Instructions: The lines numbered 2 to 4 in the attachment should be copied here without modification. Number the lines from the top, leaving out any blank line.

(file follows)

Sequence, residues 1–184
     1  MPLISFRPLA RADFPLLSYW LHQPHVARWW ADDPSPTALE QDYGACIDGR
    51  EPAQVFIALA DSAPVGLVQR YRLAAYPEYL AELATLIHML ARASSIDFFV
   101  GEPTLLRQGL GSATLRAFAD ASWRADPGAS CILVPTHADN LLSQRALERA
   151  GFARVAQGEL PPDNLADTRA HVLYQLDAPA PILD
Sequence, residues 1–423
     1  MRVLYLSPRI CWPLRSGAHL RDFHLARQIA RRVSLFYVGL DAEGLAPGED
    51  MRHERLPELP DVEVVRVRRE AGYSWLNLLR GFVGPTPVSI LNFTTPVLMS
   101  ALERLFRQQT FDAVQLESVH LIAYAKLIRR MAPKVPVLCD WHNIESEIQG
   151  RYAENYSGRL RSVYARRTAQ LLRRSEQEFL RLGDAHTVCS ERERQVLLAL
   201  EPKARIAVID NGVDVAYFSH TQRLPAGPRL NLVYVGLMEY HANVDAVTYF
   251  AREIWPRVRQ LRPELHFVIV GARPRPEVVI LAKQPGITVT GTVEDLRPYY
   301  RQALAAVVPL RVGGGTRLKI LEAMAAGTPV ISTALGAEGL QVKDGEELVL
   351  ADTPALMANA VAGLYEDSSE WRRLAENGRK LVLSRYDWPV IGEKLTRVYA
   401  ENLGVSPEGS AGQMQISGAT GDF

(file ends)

     1  MPLISFRPLA RADFPLLSYW LHQPHVARWW ADDPSPTALE QDYGACIDGR
    51  EPAQVFIALA DSAPVGLVQR YRLAAYPEYL AELATLIHML ARASSIDFFV
   101  GEPTLLRQGL GSATLRAFAD ASWRADPGAS CILVPTHADN LLSQRALERA